ripley-IBIS3037

IbisCycles.com

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19 Comments
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CJ
CJ
8 years ago

Good review. I just ordered one this weekend 🙂

Dingo
Dingo
8 years ago

ISCG mounts? No one uses chain guides any longer. If anything, lacking ISCG mounts made it ahead of it’s time.

Heffe
Heffe
8 years ago

Sweet ride

JBikes
JBikes
8 years ago

Nice bike. Sounds like what I wish Turner could do with my Sultan rear end (CS length wise).

Trail Notzi
Trail Notzi
8 years ago

“…making some changes to the construction, travel, geometry and moving parts of the suspension.”

Isn’t that, like, an entirely new bike?

jd1072
jd1072
8 years ago

Dingo; not true. I have XX1 on my 429c and now use a chain guide because I did actually lose the chain a few times, and some of those times were in an enduro race (super annoying). The chain guide is mounted on my direct mount front derailleur port. Then why do I need the ISCG tabs you ask? I mount a bash guard on there to protect the $110 chain ring from all the ledgy uphill features we have in the Austin area. The bottom bracket mounted bash guards and chain guides don’t work very well over the long haul as they tend to bend themselves into precarious and disruptive positions. My point is ISCG mounts are still relevant and being used by folks.

Steve
Steve
8 years ago

You really want to get a DBInline and Pike for the Ripley. Really turns it into a magical machine.

Tom
Tom
8 years ago

Ripley + Pike 120 = Happy Medium as far as forking goes.

I think its great that Ibis basically made an xc slaying machine with a bit of extra travel. Not every 120 mm 29er needs to be a slacked out enduro wannabe machine. Variety in the marketplace is good.

Now stiffen up that rear end!

Nick
Nick
8 years ago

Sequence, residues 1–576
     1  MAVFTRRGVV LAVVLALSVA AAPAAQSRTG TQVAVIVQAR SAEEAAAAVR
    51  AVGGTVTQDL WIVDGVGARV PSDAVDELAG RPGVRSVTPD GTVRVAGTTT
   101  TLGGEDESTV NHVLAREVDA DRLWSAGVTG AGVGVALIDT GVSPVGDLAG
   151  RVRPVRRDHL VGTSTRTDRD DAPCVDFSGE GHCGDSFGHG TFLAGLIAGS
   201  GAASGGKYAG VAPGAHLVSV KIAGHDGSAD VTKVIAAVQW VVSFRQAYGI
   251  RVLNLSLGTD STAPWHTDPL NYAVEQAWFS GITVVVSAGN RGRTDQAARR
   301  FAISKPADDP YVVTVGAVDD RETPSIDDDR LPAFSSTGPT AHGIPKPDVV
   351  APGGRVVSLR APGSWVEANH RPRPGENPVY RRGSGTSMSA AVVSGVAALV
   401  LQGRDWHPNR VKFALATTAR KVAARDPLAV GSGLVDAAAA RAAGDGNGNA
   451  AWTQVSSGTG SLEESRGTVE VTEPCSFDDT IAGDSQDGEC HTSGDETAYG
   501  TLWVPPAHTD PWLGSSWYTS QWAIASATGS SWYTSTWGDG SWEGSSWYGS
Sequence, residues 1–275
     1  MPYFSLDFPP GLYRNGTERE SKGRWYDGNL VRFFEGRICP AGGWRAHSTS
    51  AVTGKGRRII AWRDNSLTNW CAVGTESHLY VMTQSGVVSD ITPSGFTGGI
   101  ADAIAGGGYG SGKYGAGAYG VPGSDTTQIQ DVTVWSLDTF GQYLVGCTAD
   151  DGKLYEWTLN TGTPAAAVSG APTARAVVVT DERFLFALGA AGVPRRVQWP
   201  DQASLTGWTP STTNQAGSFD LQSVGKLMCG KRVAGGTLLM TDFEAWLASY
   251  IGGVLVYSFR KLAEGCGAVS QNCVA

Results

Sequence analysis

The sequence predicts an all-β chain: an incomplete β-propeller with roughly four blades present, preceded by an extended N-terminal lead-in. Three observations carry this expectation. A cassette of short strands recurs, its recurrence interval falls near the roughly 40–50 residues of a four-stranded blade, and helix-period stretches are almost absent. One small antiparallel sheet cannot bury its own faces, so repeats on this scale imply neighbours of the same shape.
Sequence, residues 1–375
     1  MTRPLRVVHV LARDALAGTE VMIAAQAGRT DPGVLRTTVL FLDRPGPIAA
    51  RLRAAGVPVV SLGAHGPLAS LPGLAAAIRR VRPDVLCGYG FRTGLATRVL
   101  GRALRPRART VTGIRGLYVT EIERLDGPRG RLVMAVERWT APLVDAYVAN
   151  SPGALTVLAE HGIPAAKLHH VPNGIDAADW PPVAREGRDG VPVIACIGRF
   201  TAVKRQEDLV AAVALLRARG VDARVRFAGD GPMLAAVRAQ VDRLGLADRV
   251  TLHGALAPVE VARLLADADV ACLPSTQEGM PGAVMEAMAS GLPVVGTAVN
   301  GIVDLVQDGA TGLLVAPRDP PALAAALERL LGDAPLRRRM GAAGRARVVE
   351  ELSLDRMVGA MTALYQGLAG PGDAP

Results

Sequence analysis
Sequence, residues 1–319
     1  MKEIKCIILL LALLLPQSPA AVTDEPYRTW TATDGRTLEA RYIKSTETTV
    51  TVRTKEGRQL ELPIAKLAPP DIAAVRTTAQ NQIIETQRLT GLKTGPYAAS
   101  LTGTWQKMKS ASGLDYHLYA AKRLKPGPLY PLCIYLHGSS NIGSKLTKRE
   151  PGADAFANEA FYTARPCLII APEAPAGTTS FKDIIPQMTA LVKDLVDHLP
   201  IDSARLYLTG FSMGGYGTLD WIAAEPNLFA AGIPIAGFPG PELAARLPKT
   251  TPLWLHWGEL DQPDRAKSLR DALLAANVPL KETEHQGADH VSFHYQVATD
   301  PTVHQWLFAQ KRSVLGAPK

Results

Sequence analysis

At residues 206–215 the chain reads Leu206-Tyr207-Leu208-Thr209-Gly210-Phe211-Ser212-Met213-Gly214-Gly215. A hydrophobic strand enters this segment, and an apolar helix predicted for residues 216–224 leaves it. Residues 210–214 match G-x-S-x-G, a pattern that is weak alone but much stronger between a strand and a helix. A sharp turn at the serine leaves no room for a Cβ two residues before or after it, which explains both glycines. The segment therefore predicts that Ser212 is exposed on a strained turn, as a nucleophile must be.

90mm stem?? Surely you’re riding the wrong size then?

chasejj
chasejj
8 years ago

Again- TT length is a deal breaker on the Ibis.
Ibis checks every box I have on a new bike, even did with the Mojo’s but lack of XXL size and/or available 25.5+ TT is a deal killer for me. I know what I like and many others do as well.
I am sure Yeti or Turner will have a 29er Quiver killers in CF soon.

dead
dead
8 years ago

Mine is not quiet. Dust gets between the rear shock and frame and creaks like crazy. The internal cables are always making noise even with their recommended zip tie tricks.

MBR
MBR
8 years ago

Would like to know more about:
Bottom bracket – press fit? issues, creaking, etc.
Pivot(s) adjustment – how hard was it to adjust? Special tools needed? Was your loosening experience typical or rare?

Cameron
Cameron
8 years ago

100mm stem. Wrong size? Read the article again. This bike is two characters. It can be set up to be a pretty badass FS race machine with Fox front and rear, or put a Pike and a DB Inline (and a shorter stem) and it is magically a trail eating machine. I have ridden it both ways and it is amazing how well it performs as each character.

Fattylocks
Fattylocks
8 years ago

Looks like the tire is a tight fit in the chainstays.

SB
SB
8 years ago

I’ve also never heard a quiet one. BR’s bike must have got the quiet dope.

Brumos
Brumos
8 years ago

How I roll with ‘One-Bike to Slay it all’:

Santa Cruz TallboyC + Pike 120 + DB Inline.

CeeJay
CeeJay
8 years ago

Is it just me or is the reach on all this bike’s frame sizes just tiny?

TacoDave
TacoDave
7 years ago

Bought my Ripley this winter/spring and have ridden it 300 miles now. I live in Denver, and ride mostly singletrack, with its share of technical ups and downs. Most rides are between 1200ft and 3000ft+ in elevation gain. I am running a 140mm Pike up front and the Cane Creek db inline on the rear. I’m also running a 1X11, 28T up front and 10X42 in the rear. I went with the Ibis lo-rise (flat) handlebar, the WIDE Ibis 941 wheels with DT Swiss rear hub, and a Thomson dropper post as well. I am coming off an ’08 Stumpjumper FSR 26er. Wow what a difference! But, the bigger 29er wheels don’t feel big! I was running a 3X9 on the Stumpy, which has taken going to the 1X a while to get used to. Otherwise, the Ripley is a great climbing and awesome descending machine. Switchbacks up and down, nooo problem! A great platform, there when it counts. I test rode the Ripley for one weekend and that sold me on the bike. No regrets. Cheers!

Zachariah
Zachariah
7 years ago

Unreal ride, with 120mm Pike and DB – but that rear end flex does make this bike squirm more than my Superfly, with 120mm SID XX and RT3.